Successful strategies you can use include:
- Manage your emotions effectively and focus on objective arguments.
- Watch that your body language doesn’t convey negativity.
- Pay attention to subtle hints to understand the customer’s opinion on something.
- Watch people’s reactions carefully, as they may be reluctant to show their true emotions.
In ‘emotional’ cultures, on the other hand, emotions are regarded as what makes us human, allowing us to communicate and understand one another. They see the hiding of emotions, as done in neutral cultures, as lacking warmth and trustworthiness. People find ways to express their emotions even spontaneously, at work. In these cultures, it’s welcome and accepted to show emotion. Successful strategies you can use include:
- Open up to people to build trust and rapport.
- Don’t be overwhelmed by seemingly dramatic scenes of emotion.
- Learn to manage conflict effectively, before it becomes personal.
- Use positive body language.
- Have a good attitude.
People coming from different nations and cultures have various levels of the power-distance dimension—or the distances they believe to exist between different levels of a society. Some cultures have a very high power-distance perspective, and they may well treat you with a certain disregard or even disdain. Cultures with a lower power-distance dimension may see you as a social equal, and will treat you with the same courtesy and respect you offer them in return. A large part of your job is not to judge the merits of cultural differences or change them, but to accommodate them in away—within reason—that best serves your customer.
One of the biggest errors you might make is to try to apply your own cultural beliefs without modification to every customer from every background, which will most certainly lead to frustrated efforts, conflict, bad service, and ultimately a lost customer for your business. As time goes by and with experience, you will become ever better at reading your customers and swiftly modifying your approach as necessary to accommodate the differing demands of a situation.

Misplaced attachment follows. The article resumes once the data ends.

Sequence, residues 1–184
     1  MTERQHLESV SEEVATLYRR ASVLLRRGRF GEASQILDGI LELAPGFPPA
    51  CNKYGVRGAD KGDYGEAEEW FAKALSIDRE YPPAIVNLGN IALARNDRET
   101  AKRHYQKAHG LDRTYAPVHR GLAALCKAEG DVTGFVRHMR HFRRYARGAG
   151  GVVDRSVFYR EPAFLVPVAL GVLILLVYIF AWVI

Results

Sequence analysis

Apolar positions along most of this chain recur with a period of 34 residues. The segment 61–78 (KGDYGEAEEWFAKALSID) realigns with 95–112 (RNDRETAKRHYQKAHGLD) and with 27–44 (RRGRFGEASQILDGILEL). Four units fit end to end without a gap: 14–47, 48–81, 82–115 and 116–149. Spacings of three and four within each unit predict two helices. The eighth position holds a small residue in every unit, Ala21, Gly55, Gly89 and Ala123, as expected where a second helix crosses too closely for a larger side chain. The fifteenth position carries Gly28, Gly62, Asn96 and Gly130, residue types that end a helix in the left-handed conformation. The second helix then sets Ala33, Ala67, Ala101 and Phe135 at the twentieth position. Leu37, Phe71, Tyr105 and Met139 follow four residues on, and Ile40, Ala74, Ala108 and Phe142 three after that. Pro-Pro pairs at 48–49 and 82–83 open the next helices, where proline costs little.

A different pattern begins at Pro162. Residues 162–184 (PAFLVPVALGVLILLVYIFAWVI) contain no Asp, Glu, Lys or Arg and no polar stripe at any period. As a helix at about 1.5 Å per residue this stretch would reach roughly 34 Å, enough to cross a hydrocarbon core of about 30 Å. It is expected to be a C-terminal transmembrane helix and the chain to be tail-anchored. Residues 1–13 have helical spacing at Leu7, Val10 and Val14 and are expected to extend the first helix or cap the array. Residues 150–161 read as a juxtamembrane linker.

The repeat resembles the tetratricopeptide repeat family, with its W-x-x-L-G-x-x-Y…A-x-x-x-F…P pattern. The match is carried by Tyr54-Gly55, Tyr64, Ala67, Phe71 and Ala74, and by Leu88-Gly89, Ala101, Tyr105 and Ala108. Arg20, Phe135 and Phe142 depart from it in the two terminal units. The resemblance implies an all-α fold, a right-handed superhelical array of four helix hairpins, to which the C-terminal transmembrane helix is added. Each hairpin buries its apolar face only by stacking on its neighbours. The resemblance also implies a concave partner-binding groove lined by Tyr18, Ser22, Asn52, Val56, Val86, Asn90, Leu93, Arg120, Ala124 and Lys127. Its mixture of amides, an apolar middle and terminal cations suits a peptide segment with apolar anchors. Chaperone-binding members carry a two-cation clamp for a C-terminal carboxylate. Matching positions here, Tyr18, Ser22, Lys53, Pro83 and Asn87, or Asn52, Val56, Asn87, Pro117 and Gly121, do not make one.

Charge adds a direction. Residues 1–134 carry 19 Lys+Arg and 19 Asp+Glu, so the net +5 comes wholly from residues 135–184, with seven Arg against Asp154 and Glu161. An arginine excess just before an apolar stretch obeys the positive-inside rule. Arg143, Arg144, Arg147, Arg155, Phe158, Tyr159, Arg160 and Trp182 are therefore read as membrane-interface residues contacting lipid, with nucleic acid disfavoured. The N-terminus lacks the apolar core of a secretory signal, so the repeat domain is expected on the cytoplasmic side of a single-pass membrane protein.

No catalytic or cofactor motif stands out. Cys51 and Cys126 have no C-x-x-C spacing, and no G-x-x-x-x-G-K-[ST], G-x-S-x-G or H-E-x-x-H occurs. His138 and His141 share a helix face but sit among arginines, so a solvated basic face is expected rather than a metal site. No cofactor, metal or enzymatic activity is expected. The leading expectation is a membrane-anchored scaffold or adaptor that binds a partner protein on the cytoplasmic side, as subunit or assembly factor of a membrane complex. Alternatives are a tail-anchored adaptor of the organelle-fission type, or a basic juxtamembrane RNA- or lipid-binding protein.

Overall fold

Try to approach all interactions with a foremost desire to satisfy a customer, setting aside any of your own rigid opinions of how things should be done. Most of all, you should offer respect for the diverse behaviours and different customs among your customers, even though you may not understand them. If you can relax, enjoy, and even learn from the rich cultural and social differences you encounter, you will be well on your way to skilfully serving the wide spectrum of customers you are likely to engage.
Book your seat at Maurice Kerrigan Africa’s upcoming Service Excellence course scheduled for 17 – 19 July, 2017 in Johannesburg. This course will equip you with the tools you’ll need to establish and maintain a high standard of customer service in your organisation.
Click here to look at Maurice Kerrigan Africa’s public course training schedule.